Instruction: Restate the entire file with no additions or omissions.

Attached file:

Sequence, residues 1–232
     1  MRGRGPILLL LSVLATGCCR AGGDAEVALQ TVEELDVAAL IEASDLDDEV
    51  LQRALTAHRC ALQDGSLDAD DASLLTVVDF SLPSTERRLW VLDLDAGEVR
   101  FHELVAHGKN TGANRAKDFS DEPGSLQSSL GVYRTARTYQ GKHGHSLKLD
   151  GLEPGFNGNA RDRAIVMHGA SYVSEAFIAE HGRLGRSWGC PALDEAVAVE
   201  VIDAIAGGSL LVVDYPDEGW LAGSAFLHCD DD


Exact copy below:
Sequence, residues 1–232
     1  MRGRGPILLL LSVLATGCCR AGGDAEVALQ TVEELDVAAL IEASDLDDEV
    51  LQRALTAHRC ALQDGSLDAD DASLLTVVDF SLPSTERRLW VLDLDAGEVR
   101  FHELVAHGKN TGANRAKDFS DEPGSLQSSL GVYRTARTYQ GKHGHSLKLD
   151  GLEPGFNGNA RDRAIVMHGA SYVSEAFIAE HGRLGRSWGC PALDEAVAVE
   201  VIDAIAGGSL LVVDYPDEGW LAGSAFLHCD DD